Clinical research serves as the backbone of modern medicine, providing evidence-based data to support the safety and efficacy of new treatments. One concept that is crucial in clinical research is feasibility, a term used to define whether a research project can be done successfully and ethically. This blog post aims to provide an in-depth explanation of feasibility in clinical research, discussing its importance, types, steps involved, challenges encountered, and a real-life case study.
Defining Feasibility in Clinical Research
Feasibility in the context of clinical research refers to the likelihood that a research study can be performed practically and ethically. Essentially, it answers the question, “Can we do this?”
Theoretical feasibility pertains to whether a study is possible in theory, while practical feasibility focuses on whether the study can be conducted given real-world constraints such as time, resources, and ethical considerations. Factors that influence feasibility include resources availability, time constraints, ethical considerations, and potential risks to participants.
Importance of Feasibility in Clinical Research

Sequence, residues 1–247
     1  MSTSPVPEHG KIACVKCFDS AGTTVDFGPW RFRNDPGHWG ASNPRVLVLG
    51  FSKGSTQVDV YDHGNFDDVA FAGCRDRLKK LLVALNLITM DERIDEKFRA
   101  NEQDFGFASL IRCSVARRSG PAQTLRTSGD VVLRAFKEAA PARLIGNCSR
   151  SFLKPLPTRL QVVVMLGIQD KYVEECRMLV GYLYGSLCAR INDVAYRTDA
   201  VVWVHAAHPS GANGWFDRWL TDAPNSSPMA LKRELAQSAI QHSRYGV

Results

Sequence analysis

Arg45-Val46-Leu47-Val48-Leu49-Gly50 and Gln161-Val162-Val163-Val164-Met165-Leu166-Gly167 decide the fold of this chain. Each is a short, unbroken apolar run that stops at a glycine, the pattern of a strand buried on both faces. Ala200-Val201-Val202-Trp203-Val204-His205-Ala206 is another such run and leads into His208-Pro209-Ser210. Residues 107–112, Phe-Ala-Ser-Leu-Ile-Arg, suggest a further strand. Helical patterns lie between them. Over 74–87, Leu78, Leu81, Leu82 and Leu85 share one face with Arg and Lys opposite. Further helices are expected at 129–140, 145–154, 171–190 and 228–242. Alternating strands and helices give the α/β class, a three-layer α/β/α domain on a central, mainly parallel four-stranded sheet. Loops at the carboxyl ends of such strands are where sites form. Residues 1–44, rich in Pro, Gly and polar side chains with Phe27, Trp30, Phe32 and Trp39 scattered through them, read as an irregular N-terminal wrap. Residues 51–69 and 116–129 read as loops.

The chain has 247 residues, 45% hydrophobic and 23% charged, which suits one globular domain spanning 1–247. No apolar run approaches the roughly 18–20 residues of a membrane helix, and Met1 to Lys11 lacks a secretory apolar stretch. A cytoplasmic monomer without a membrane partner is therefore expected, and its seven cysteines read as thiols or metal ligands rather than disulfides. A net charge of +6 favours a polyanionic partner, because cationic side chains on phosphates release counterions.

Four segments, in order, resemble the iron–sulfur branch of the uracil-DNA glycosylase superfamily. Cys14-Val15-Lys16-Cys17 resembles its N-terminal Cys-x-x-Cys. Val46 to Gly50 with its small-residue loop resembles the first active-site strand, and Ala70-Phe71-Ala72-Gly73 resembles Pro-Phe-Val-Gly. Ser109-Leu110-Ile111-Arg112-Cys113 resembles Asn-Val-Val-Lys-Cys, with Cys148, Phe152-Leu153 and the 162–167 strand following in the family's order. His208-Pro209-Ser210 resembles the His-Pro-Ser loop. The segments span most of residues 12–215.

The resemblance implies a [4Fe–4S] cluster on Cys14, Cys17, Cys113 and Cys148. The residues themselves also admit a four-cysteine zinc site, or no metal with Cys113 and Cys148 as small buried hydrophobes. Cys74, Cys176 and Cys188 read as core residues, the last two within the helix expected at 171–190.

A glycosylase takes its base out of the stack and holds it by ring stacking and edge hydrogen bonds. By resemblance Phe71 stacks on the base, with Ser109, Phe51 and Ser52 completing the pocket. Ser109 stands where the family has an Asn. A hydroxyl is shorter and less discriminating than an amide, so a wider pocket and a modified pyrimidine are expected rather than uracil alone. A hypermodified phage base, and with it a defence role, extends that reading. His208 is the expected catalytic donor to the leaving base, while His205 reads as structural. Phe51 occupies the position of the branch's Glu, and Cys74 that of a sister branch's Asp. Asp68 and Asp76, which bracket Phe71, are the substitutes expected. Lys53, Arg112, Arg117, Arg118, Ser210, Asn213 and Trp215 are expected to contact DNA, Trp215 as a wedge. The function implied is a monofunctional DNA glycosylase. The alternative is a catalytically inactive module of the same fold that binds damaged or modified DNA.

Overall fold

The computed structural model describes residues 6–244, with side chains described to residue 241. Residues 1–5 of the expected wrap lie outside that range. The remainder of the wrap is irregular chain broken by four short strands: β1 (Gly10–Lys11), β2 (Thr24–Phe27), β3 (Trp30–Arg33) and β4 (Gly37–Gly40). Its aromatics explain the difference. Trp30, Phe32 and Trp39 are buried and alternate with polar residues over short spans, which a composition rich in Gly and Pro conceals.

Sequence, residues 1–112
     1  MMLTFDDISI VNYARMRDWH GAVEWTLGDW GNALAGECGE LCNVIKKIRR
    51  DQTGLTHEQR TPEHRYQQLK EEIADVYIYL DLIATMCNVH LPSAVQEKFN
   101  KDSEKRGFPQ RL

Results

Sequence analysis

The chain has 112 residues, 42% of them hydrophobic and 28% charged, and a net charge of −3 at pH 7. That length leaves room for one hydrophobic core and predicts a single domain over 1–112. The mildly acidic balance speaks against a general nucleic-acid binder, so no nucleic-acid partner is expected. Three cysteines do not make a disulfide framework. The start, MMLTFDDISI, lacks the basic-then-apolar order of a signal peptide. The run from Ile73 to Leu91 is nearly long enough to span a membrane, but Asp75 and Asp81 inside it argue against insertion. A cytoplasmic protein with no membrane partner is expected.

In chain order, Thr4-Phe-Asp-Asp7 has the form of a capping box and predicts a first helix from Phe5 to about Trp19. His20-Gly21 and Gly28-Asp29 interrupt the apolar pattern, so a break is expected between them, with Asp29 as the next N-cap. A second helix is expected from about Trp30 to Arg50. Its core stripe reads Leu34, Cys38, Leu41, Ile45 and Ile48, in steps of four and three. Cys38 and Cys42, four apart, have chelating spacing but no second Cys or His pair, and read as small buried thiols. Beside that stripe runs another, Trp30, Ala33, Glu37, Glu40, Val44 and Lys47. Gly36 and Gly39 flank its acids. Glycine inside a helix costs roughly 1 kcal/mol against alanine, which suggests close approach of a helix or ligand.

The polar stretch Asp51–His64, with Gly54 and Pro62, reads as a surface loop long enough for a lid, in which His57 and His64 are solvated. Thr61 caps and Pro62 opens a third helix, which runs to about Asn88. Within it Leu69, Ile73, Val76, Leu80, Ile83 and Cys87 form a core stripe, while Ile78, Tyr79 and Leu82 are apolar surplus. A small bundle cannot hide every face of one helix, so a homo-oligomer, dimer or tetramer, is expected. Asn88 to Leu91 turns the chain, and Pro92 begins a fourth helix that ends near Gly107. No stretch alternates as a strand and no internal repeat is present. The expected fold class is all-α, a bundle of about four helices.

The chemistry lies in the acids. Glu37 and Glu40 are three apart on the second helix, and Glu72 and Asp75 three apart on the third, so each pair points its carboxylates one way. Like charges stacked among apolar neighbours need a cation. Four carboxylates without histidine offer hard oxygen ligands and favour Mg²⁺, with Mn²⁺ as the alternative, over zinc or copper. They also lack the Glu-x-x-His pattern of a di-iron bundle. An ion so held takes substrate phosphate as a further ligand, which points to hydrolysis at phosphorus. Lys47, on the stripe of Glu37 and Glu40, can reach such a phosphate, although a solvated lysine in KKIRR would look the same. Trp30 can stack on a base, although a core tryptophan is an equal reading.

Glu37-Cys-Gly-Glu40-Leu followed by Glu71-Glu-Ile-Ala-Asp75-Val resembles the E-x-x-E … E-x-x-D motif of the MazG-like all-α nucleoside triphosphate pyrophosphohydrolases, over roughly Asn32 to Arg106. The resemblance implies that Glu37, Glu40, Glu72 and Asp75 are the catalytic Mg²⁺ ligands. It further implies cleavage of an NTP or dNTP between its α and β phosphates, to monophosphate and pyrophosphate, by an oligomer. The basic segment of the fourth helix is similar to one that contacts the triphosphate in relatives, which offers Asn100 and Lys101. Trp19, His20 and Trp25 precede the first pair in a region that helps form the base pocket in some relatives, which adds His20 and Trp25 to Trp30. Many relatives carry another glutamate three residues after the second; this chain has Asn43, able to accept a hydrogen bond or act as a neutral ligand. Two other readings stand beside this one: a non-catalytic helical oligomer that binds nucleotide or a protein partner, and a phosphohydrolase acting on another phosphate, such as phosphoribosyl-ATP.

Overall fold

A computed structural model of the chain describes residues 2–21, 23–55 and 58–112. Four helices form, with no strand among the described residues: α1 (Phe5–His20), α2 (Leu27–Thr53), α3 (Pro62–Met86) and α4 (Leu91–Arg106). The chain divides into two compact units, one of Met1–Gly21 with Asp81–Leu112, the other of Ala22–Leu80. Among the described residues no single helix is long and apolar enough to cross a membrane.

Feasibility plays a critical role in clinical research. First, it ensures that a clinical trial can be carried out successfully without wasting resources on impractical or unethical studies. Second, it protects participants from unnecessary risks by ensuring that the research can be conducted safely and ethically.
For instance, if a study proposes to test a new drug on pregnant women but lacks the facilities or expertise to monitor their health effectively, the study is not feasible due to ethical considerations.
Types of Feasibility Studies in Clinical Research
There are several types of feasibility studies in clinical research, for example:
- Operational Feasibility: This assesses whether the proposed study can be carried out within the existing operational setup.
- Technical Feasibility: This assesses whether the necessary technology and technical expertise are available to conduct the research.
- Economic Feasibility: This assesses whether the study is financially viable.
- Legal Feasibility: This assesses whether the proposed research complies with all relevant laws and regulations.
- Schedule Feasibility: This assesses whether the study can be completed within the proposed timeline.
Each type of feasibility study plays a vital role in determining whether a clinical trial should proceed.
Steps in Conducting a Feasibility Study
Conducting a feasibility study involves several steps:
- Identification of the problem or opportunity: This includes defining the goals of the clinical trial.
- Description of the project or program: This involves outlining how the study will be conducted.
- Identification of alternative solutions or approaches: If initial plans are not feasible, alternative strategies need to be considered.
- Evaluation of the alternatives: This includes assessing each alternative for feasibility.